• A fascinating glimpse of the early days of cross-channel car ferrying can be seen in this remarkable series of slides posted to flickr, including a couple on board Townsend’s Forde just before the outbreak of war as well as others aboard the Maid of Kent and Twickenham Ferry. The link goes direct to those images tagged ‘ferry’, but the entire collection is worth a look.
  • This is only marginally related to shipping but: The Sud Express is gone! OK, the name lives on, but the classic 1950s Wagons-Lits ‘UH’ class sleeping cars have been dispensed with and, with them, goes the final vestige of the last of the most famous trains of the Wagons-Lits, so many of which used to commence their journeys at Boulogne, Calais or Oostende in connection with generations of packet steamers.

    The Sud Express was established in 1887 and ran through to Lisbon from Paris and Calais (later it was just Paris to Lisbon and later still Paris to Hendaye/Irun, change trains, and then Hendaye to Lisbon). Alas, it’s not just a case of “another one bites the dust” – this truly was the last of the great loco-hauled Grand European Expresses. The Sud outlasted the remnants of the (real) Orient Express by a couple of years. The Nord Express, the Train Bleu, the Peninsular Express, the Oberland Express etc all fell by the wayside long ago. The relevance of these long-distance luxury train connections to the ferry industry died out decades ago with the onset of mass air travel, but the train/ship/train link was before then vital for anyone who wanted to travel significant distances in Europe.

    And just how useful would the Paris/Oostende-Oslo cars of the Nord Express (via the Nyborg-Korsør and Helsingør-Helsingborg train ferries) be today for ash-bound Continental shipowners wishing to get to the Shippax conference starting on the Color Magic on Tuesday…?

  • Please send any contributions for ‘Things Seen’ to admin@hhvferry.com.

    Things Seen – November 2009

    The Lincoln Castle

    The Lincoln Castle

  • The paddle steamer Lincoln Castle is up for sale for £20,000. The last of the trio of ships built for the New Holland-Hull ferry service of the LNER, this ship, along with her two earlier routemates, the Tattershall and Wingfield Castles, eventually passed to Sealink in whose unlikely hands the service closed in 1981 upon completion of the Humber Bridge. The Lincoln Castle had been withdrawn in 1978 however and has served as a bar and restaurant ever since, for the past twenty years in Grimsby.
  • The call of the Oasis of the Seas at Southampton in early November, en route to Fort Lauderdale on her delivery voyage, brought the chance to compare sizes with the local Isle of Wight ferry fleet, such as the St Clare, seen here in the Daily Mail. An even more astounding comparison however was this picture of the ship with Brittany Ferries’ Mont St Michel – one of the largest cross-channel car ferries, but completely dwarfed by the ‘OOTS’.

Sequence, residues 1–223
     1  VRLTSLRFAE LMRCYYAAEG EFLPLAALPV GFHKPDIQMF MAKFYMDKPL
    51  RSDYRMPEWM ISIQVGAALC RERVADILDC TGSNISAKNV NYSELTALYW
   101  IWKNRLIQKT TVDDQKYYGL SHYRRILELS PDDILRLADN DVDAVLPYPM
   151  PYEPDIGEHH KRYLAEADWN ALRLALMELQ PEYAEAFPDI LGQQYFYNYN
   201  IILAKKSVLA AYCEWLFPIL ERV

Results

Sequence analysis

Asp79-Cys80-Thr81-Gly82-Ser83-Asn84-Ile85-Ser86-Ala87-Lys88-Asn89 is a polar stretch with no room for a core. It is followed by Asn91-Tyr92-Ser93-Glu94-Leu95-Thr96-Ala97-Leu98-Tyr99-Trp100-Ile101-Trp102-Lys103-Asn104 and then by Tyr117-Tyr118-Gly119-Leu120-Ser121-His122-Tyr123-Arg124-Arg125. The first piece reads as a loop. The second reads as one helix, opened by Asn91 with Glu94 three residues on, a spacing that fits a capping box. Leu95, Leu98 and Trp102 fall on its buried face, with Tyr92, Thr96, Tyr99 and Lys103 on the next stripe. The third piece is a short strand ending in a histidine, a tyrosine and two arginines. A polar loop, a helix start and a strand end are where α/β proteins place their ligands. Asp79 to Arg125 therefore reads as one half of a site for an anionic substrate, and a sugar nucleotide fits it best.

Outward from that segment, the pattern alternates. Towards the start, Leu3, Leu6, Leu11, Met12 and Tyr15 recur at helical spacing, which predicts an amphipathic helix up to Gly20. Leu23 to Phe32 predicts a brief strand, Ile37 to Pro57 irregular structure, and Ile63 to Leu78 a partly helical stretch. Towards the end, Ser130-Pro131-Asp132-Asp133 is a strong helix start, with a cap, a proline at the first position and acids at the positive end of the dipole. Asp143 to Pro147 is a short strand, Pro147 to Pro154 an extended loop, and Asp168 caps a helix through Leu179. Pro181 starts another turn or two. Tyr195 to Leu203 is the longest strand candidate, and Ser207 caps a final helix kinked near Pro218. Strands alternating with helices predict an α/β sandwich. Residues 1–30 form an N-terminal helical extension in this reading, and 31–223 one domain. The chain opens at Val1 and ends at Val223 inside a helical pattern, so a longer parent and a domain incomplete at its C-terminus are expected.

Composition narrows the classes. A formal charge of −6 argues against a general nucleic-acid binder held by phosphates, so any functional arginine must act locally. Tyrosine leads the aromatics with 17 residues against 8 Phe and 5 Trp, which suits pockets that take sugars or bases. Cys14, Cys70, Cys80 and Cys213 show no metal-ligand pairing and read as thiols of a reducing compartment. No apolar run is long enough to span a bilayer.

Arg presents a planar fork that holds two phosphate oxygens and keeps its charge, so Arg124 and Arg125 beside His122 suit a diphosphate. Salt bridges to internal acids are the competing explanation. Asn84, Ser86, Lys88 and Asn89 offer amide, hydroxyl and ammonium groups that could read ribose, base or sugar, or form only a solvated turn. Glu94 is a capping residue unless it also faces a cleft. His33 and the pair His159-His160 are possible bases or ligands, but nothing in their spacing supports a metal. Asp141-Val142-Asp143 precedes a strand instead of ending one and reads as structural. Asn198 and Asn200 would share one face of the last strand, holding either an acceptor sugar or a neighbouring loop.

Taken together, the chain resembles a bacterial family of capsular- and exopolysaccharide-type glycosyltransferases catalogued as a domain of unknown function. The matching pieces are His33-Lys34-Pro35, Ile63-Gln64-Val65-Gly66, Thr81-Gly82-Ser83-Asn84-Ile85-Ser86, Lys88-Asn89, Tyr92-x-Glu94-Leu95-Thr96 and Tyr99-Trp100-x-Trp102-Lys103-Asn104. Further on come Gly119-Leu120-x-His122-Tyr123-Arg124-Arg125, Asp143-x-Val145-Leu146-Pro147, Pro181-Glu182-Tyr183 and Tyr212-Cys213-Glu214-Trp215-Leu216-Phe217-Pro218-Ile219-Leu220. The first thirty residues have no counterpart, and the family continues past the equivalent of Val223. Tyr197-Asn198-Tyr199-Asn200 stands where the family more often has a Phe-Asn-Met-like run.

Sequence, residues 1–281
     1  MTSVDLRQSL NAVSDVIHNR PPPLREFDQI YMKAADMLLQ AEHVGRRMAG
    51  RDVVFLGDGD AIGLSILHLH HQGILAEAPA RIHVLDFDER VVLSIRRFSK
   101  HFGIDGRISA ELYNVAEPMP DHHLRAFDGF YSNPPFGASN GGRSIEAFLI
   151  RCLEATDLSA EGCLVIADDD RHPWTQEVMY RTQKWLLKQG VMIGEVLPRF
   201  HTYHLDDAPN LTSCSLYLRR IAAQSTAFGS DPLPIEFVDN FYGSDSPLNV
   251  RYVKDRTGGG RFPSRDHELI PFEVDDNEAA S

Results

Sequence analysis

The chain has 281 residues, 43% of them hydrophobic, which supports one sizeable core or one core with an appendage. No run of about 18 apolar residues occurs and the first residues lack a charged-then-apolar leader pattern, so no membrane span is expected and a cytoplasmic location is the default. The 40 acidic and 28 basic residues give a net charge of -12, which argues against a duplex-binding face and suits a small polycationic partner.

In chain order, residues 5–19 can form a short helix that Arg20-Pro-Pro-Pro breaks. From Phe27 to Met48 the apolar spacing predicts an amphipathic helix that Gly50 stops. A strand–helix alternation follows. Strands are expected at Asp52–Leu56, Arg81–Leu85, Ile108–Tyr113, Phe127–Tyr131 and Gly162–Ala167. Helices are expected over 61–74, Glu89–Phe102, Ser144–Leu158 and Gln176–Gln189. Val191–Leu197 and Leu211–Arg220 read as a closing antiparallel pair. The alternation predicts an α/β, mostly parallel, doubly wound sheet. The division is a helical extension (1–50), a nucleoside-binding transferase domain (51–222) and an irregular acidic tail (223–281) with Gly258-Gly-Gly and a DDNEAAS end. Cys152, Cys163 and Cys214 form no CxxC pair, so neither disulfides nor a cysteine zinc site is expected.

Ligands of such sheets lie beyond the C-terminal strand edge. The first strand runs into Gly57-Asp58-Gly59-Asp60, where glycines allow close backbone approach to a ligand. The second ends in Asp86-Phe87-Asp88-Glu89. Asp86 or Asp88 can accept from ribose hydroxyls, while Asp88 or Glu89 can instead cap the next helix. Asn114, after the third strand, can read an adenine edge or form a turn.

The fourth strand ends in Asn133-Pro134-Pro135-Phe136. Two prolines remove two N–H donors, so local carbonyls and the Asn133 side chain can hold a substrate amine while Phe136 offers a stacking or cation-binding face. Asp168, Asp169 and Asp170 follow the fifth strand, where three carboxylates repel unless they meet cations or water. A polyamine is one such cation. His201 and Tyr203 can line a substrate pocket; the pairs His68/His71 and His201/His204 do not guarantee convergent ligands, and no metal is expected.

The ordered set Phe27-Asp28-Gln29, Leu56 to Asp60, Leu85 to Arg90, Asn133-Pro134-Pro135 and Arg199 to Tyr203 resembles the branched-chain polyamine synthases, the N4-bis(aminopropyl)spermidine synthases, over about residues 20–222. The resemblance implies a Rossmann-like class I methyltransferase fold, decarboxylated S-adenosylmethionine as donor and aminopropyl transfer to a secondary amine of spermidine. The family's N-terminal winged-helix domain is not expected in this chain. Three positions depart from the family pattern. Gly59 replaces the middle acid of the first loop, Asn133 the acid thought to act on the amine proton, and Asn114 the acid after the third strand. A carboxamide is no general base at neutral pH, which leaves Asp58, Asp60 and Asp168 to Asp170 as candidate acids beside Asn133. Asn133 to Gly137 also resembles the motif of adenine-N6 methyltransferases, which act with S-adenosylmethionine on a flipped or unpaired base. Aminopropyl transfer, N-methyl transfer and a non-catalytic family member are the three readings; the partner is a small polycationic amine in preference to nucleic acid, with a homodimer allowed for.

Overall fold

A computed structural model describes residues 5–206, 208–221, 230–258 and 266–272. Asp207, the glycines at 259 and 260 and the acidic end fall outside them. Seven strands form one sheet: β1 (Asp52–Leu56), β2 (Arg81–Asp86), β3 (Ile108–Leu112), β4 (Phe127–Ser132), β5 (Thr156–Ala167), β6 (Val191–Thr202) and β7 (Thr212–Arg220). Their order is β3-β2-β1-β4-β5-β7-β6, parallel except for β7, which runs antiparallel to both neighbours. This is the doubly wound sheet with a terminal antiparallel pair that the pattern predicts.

• Several months ago we looked at B&I Line’s first purpose-built car ferry, the Munster of 1968. irishships.com has an interesting series of photographs from on board, both general views and crew scenes.
  • The Maersk ‘D’ class have a series of artworks on board by different modernist Danish artists – Jan van Lokhorst on the Maersk Dunkerque, Anne Vilsbøll (Maersk Delft) and Per Arnoldi (most recently famous in the UK for his work on Michael Winner’s National Police Memorial in London) on the Maersk Dover.
    Van Lokhurst’s website has a series of images of his work on the first ship including pictures of the creative and manufacturing process whilst Vilsbøll can be seen here working on some of her paintings for the ‘Delft’.
  • Sessan & Stena at Frederikshavn

    Sessan & Stena at Frederikshavn

  • Over on LandgÃ¥ngen they have been discussing in minute detail the changes to the berthing arrangements at Frederikshaven between the Stena and Sessan terminals. Meanwhile on the Nautilia messageboard there are 143 pages discussing the Agios Georgios (ex-Hengist) and 57 pages on ‘Historic Photos of Piraeus port’.

    In many ways it is a shame that there is no equivalent all-encompassing British forum for the analysis of not only the endlessly trivial minutiae but also the broader fascinating history of the British short-sea passenger shipping scene. It would perhaps be impossible to rival nautilia’s seemingly comprehensive catalogue of Greek ferries, where every ship, historic or modern, has its own thread, but it would be nice to try.

  • The Prince of Wales was the last-built of the SRN-4 hovercraft, being delivered as late as 1977, five years after the previous example, the Sir Christopher. Withdrawn after just 14 years service, she was destroyed in 1993, whilst laid up in reserve, by an electrical fire. Together with other period images, here are some photographs of the craft being broken up after this event on the hoverpad at Dover. The SeaCat berth at the Hoverport was under construction at the same time.
  • Not quite as successful as the SRN-4s were the French SEDAM Naviplanes. The tortuous delivery voyage of the Ingénieur Jean Bertin, the only example of the type to actually enter service, is chronicled here.
  • The Diana II

    The Diana II

  • The much heralded conversion of former overnight ferries into ‘Accommodation/Repair Vessels’ (ARVs) has hit trouble. Work on the ARV 2 (formerly the Normandy, St Nicholas, Prinsessan Birgitta) has been halted before even starting. Shippax reports that the ARV1, which was delayed during rebuilding, was the other contender for the 18 month accommodation contract near Perth won by Hurtigruten’s Finnmarken. The former Meloodia/Diana II therefore remains laid up in Singapore. Some coverage of the ship during her extensive refurbishment can be seen here and more details of what has been done can be gleaned from the ship’s new General Arrangement plan.